This month we are starting something new with Author Spotlights to go along with some of our book club reads, the first of these is with the talented Australian author Tea Cooper, author of The Woman in the Green Dress which we read in December. She also wrote The Horse Thief, The Currency Lass and The Naturalist’s Daughter.
Hi Tea, welcome to Beauty and Lace. Thanks for taking the time to talk with us.
Can you tell us a little about where your writing journey began?
My writing journey began the moment I was given a crayon. I covered my bedroom wall with symbols, not drawings! Sadly, I didn’t get much further, it could have been the beating I received, and writing dreams were put on hold for far too many years. It wasn’t until I retired after 35 years of teaching, that I wrote my first story, a contemporary romance. A snippet of information about a stretch of road called Ramsey’s Leap, just outside Wollombi, led to my first Australian historical, Lily’s Leap. Then I discovered a local rural myth… that Archer, the winner of the first Melbourne Cup, was born and bred in the Hunter, (he wasn’t!) however it sparked a much longer story and I pitched it to HarperCollins. The Horse Thief released in November 2015 and so my writing journey began.
Where do your story inspirations come from?
The inspiration for most of my books begins with a little known historical fact (or myth) that I have stumbled across. I particularly love it when I see the words… an unknown person… then I play a What—If game. My aim is to keep my stories fictional but feasible.
Your latest release is The Woman in the Green Dress. Can you tell us a little about the book?
The Woman in the Green Dress tells the story of two women Fleur Richards and Della Atterton whose lives, are inextricably linked by a mystery surrounding an opal and a woman in a green dress.
The Woman in the Green Dress is an historical novel, as have been previous books we have featured at Beauty and Lace, can you tell us a little about how and where you do your research?
Old newspapers, advertisements and magazines are my constant online companions, and I haunt second hand book shops and library basements for discarded journals and books. I also love some of the smaller local museums that are filled with old photographs and fascinating memorabilia. And then there is word of mouth, old family histories. That’s why I set my books in what was the old County of Northumberland—the area bounded by part of the Hawkesbury River to the south, the Macdonald River to the south-west and the Hunter River to the north. It’s where I live and where many stories of early Australia live on.
Is there any factual basis for The Woman in the Green Dress?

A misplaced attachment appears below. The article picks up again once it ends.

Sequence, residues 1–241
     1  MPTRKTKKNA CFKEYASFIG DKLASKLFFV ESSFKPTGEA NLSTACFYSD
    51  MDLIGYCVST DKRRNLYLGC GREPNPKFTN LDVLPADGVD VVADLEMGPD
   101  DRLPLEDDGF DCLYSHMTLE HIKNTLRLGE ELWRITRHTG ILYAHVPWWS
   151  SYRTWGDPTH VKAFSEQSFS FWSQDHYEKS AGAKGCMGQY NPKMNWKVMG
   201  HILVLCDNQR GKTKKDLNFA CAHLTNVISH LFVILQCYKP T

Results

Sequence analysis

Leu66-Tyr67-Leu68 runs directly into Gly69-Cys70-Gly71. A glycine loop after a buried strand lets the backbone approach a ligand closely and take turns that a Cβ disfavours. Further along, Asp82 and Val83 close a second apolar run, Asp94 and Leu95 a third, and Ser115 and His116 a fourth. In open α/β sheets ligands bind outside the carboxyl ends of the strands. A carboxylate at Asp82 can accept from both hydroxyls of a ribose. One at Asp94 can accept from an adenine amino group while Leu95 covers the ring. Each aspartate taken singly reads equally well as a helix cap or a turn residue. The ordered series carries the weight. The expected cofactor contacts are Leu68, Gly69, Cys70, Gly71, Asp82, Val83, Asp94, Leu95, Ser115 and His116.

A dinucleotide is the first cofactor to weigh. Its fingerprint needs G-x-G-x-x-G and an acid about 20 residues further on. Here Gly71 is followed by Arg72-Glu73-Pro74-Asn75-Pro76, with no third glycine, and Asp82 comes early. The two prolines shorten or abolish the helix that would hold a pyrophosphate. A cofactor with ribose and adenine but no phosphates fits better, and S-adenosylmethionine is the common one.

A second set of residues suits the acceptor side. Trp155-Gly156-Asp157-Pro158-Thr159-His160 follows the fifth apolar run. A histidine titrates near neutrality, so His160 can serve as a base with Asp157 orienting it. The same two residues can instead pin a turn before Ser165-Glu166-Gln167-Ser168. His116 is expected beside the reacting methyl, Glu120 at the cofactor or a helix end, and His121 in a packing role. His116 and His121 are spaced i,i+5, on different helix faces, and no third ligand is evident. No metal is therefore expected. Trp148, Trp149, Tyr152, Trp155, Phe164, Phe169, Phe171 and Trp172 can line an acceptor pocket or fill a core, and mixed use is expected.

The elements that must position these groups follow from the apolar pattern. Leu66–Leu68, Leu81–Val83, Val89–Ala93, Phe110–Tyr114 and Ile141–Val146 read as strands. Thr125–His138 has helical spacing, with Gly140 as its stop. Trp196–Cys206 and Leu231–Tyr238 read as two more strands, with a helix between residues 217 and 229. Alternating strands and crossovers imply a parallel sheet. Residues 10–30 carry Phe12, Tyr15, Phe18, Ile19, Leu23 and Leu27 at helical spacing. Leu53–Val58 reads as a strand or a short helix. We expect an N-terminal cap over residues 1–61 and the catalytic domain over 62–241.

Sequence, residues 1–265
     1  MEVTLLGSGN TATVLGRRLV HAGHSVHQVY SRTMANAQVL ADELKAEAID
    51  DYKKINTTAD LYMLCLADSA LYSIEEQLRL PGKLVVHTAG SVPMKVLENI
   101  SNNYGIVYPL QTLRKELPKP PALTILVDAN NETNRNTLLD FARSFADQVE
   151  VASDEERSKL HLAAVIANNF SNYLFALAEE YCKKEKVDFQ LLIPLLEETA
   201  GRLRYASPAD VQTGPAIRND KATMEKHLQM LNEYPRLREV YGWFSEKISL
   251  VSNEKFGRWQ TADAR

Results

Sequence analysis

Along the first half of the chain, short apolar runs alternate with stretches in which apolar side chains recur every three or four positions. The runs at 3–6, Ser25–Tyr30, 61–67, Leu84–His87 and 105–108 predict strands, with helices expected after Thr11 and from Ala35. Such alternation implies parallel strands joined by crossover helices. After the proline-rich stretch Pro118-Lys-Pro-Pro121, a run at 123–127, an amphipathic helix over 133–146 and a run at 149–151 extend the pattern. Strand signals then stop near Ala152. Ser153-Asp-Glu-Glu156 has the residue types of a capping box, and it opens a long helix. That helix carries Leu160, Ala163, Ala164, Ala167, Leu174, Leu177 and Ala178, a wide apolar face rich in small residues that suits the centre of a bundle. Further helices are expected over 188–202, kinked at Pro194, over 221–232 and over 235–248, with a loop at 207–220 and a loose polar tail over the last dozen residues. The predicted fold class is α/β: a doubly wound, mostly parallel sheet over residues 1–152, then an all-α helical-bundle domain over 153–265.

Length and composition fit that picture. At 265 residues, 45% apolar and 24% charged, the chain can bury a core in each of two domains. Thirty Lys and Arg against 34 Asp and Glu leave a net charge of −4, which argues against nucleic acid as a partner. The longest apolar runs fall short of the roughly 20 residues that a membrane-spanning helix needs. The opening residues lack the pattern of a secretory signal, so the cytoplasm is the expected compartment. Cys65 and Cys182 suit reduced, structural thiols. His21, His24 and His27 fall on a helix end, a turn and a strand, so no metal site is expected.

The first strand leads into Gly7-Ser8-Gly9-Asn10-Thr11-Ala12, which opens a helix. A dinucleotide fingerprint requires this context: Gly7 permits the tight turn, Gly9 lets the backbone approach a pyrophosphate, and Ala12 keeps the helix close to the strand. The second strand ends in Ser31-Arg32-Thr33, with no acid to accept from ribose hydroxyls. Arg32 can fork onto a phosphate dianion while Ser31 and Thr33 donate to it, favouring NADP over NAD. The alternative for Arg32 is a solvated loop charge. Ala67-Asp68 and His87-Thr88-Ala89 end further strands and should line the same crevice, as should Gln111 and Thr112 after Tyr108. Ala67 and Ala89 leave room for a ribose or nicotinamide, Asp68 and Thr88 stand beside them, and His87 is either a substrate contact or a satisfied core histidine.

There are several historical facts that are integral to the story. Baron Charles von Hügel, Austrian army officer, botanist and explorer visited ‘New Holland’ between 1833 and 1834. His journals were transcribed by an unknown amanuensis, a ghost writer. Johann Menge a linguist and geologist was employed by the South Australian Mining Company and various sources credit him with the discovery of the first Australian opal. No one knows what became of it. The Settlers Arms at St Albans has traded as a purveyor of conversation, beer, and accommodation since the mid-nineteenth century and two women, Tost and Rohu ran a shop in Sydney that sold all kinds of taxidermical work and held the largest stock of native implements and curiosities. Those facts are inextricably woven into the story. The characters and events are however purely fictional.
Are you working on anything new that you can tell us about?
I have just submitted my latest manuscript The Girl in the Painting (working title) to my publisher meanwhile I am playing with what I hope will become my December 2020 book. It’s currently titled The Cartographer’s Song. It tells the story of a girl who lives in the shadow of her father’s obsession with the disappearance of Ludwig Leichhardt.
You write fascinating historical fiction, but what do you love to read?
Anything, and everything. I’m one of those people who read all the signs along the road, the junk crammed into the mailbox, the local paper from cover to cover. I obviously read a lot of research books, old newspapers and journals but I also enjoy historical fiction, mysteries, thrillers and other favourite authors.
What was your favourite read of 2018?
The Clockmaker’s Daughter by Kate Morton without a doubt. In fact, I read it twice. It is such a complex plot and I am in awe of her ability to faultlessly interweave so many timelines.
What is your most anticipated release of 2019?
I’m very much looking forward to the sequel to The Handmaid’s Tale —The Testaments by Margaret Atwood. And I’m going to hear her speak at the Sydney Opera House. I can’t wait!
Can you give us the one piece of advice for aspiring authors that you think is the most important?
Be patient and persevere—and don’t leave it as long as I did, to take your writing seriously.
The Woman in the Green Dress is published by Harlequin and is available now through Angus & Robertson Bookworld, Booktopia and where all good books are sold.
A selection of our members are reading The Woman in the Green Dress and you can read what they thought HERE.